Gov. James S. Gilmore III (R) tonight declared his adamant opposition to legislation that could allow voters across Northern Virginia to say whether their counties and cities should assess local income taxes to finance transportation projects.

Gilmore's announcement was consistent with his long-standing opposition to new taxes, but it dashed the hopes of some suburban lawmakers who had been following the delicate negotiations about the measure between J. Kenneth Klinge, of Alexandria, an old Gilmore friend and transportation expert, and M. Boyd Marcus Jr., the governor's chief of staff.

With Klinge as their go-between, key members of the Northern Virginia delegation to the General Assembly were hopeful that Gilmore would support a bill sponsored by Del. James M. Scott (D-Fairfax). Scott's bill would revise an existing local income tax law to make it more palatable to governments in Arlington, Fairfax, Loudoun and Prince William counties, as well as Alexandria and other municipalities.

But Gilmore's visceral opposition to any new taxes effectively killed the Klinge-Marcus talks.

"Although existing law permits selected localities to conduct referendums to levy local taxes for transportation, I do not support expanding the current law, as proposed legislation would do," Gilmore said in a statement.

Gilmore press secretary Mark A. Miner added: "The governor is opposed to any legislation that would ultimately end up as a tax increase for the people of Virginia."

Instead, the governor in his statement reiterated his support for his own $2.5 billion transportation program, a spending plan that includes no new taxes, but which assembly leaders are criticizing as gravely flawed.

At the very moment Gilmore's office issued his statement, Shirley J. Ybarra, his transportation secretary, was across Capitol Square enduring her latest round of withering questioning from legislators skeptical about the timetable and funding for highway improvements in their home districts.

Del. J. Paul Councill Jr. (D-Southampton), 78, one of the most senior members of the House, complained to Ybarra that a road project back home that had been delayed for 10 years did not appear on Gilmore's $590 million list of 90 accelerated projects.

"I'll never vote for this unless I can get that in here," Councill said.

Ybarra, who in recent days has faced questioning even tougher than Councill's, defended Gilmore's program as an innovative response to the traffic congestion that vexes regions such as Northern Virginia, which stands to get $138 million to speed up 10 projects.

Scott and other lawmakers were disheartened by Gilmore's announcement, but they held out a sliver of hope that they could rework their proposal, which would allow a local levy of up to 1 percent on Virginia taxable income. An estimated $430 million would be raised annually if all the eligible jurisdictions approved the new tax.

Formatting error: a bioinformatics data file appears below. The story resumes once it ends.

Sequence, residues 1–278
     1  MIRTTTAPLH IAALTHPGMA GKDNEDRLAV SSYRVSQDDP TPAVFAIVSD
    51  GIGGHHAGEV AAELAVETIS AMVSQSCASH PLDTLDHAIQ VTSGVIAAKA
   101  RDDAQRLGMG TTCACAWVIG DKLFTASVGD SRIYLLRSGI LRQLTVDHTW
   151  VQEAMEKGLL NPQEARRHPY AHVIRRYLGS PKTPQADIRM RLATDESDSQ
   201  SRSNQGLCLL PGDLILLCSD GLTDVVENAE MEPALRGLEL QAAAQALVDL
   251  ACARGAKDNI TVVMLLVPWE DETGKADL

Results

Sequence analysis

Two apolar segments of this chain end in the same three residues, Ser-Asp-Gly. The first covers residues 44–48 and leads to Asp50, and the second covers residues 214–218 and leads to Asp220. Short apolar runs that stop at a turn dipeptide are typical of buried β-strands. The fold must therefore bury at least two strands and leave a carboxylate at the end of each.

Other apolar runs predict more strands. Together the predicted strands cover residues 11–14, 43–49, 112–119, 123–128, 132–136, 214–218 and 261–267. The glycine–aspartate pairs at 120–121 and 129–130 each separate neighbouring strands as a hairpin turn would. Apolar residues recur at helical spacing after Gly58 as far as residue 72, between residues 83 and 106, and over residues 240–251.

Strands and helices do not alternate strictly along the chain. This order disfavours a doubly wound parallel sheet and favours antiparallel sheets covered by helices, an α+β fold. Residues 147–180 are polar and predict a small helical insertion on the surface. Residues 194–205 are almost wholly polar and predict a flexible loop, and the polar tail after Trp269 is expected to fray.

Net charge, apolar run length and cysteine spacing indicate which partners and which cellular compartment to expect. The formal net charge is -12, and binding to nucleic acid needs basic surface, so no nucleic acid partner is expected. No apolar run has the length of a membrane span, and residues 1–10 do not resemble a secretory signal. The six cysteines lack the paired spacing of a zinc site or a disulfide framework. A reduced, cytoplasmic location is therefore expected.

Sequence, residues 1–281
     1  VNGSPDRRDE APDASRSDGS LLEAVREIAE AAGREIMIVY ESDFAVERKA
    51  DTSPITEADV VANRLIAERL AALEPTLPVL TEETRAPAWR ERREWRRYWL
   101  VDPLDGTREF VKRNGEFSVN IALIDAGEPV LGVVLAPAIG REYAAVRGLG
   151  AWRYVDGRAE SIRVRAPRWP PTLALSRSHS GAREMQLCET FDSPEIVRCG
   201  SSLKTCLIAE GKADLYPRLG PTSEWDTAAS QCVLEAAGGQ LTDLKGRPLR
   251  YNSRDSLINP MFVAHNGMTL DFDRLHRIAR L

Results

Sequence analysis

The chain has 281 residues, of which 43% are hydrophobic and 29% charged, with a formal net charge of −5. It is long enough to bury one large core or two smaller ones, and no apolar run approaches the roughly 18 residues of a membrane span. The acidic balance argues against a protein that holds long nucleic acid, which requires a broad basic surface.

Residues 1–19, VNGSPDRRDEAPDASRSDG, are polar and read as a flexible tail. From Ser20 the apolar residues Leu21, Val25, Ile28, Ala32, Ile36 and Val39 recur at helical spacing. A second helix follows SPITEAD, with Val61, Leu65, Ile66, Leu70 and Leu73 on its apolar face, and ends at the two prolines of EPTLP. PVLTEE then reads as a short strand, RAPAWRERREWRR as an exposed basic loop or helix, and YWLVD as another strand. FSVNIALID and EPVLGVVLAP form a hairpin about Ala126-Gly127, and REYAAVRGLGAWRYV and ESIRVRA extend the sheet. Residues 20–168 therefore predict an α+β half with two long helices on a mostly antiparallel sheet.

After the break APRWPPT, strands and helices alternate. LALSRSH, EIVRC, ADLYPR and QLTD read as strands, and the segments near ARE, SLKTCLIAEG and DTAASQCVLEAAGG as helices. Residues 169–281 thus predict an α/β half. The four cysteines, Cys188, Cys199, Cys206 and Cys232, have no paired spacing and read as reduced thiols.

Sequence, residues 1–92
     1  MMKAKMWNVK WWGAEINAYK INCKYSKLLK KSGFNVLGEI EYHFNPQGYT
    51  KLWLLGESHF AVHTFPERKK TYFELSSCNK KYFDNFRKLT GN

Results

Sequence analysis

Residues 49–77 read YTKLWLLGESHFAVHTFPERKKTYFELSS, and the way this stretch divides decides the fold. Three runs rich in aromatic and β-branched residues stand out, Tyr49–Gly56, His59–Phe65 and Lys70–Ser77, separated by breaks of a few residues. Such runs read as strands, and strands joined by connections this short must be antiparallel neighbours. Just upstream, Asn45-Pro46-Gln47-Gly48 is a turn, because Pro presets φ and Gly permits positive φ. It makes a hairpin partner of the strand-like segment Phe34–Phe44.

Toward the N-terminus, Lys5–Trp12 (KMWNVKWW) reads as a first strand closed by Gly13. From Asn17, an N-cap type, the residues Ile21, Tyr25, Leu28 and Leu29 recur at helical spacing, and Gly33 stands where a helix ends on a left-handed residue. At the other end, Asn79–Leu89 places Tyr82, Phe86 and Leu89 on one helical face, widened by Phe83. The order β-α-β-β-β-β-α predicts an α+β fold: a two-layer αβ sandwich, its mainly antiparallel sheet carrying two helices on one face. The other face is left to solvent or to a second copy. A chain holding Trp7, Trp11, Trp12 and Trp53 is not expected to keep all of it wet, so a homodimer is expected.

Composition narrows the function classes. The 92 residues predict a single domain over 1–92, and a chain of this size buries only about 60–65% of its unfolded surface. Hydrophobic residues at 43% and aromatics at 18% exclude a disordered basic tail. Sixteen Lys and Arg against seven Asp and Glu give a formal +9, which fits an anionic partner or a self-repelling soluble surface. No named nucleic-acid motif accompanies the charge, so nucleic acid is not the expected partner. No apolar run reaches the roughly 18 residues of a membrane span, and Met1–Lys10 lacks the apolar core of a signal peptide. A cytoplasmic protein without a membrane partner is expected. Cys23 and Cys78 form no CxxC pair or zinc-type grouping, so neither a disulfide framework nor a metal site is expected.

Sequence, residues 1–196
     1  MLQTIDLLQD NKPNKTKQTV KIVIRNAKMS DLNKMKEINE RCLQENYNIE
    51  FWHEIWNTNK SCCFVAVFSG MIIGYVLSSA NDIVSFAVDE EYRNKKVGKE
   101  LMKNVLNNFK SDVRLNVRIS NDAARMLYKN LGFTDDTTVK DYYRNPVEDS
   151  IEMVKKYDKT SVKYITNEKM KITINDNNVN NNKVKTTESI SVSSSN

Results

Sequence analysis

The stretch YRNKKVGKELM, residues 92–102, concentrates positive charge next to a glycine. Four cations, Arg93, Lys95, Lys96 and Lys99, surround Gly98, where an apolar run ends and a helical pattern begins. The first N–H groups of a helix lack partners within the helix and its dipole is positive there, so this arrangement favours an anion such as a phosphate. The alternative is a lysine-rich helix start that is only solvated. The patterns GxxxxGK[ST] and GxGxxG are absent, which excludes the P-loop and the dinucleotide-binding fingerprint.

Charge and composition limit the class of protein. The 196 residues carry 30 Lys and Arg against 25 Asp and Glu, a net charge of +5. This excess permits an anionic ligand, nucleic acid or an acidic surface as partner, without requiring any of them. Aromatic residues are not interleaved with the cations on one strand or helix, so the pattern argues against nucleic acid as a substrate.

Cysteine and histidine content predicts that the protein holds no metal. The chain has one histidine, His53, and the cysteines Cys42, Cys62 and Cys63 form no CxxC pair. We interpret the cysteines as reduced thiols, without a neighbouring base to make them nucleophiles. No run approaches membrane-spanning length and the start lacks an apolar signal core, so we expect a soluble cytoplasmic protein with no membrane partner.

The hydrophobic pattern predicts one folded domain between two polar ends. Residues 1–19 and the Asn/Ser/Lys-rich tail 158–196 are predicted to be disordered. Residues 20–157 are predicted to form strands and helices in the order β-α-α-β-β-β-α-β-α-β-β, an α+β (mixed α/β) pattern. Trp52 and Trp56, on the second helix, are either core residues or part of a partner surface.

Gilmore said the Scott bill would expand the 1989 law giving Virginia's fastest growing counties their taxing authority. The bill permits some of those new dollars to go for education, as well as transportation.

Scott's measure also removed an old "sunset" provision that made the law expire eventually. That was an effort to help localities raise even more long-term money through bonds, he said.

Fairfax City Mayor John Mason, who heads a regional transportation panel along with Klinge, said that he was disappointed with Gilmore's statement and that it could be a serious blow to the region's ability to fund massive transit and road projects. "It does close down one of the options," Mason said of Gilmore's comments. "It's unfortunate that this could result in an inadequate debate on the alternatives. It's a serious blow if no other significant form of funding is identified."

Mason said that he and other local leaders support Scott's amendments to the income tax law and that they would be willing to put the issue to a local referendum if the legislature decided that imposing a local income tax was the best way to solve the area's gridlock.

"Most of us would be comfortable imposing the question to voters, to the residents, 'Do you want this form of funding?' " he said.

Scott said tonight that his measure "was a technical correction to a flawed bill."

"It gave voters an opportunity to have localities pitch in, while recognizing that the state and federal governments must be the principal source for transportation funding," he said.

Scott said his disappointment was all the more acute given the assembly's reaction to the Gilmore program, pieces of which are already tattered in a legislative session less than three weeks old.

"We don't want to leave this legislature without a package," Scott said.

Klinge, reached by telephone tonight, declined to comment on Gilmore's announcement.

Staff writer Michael D. Shear contributed to this report.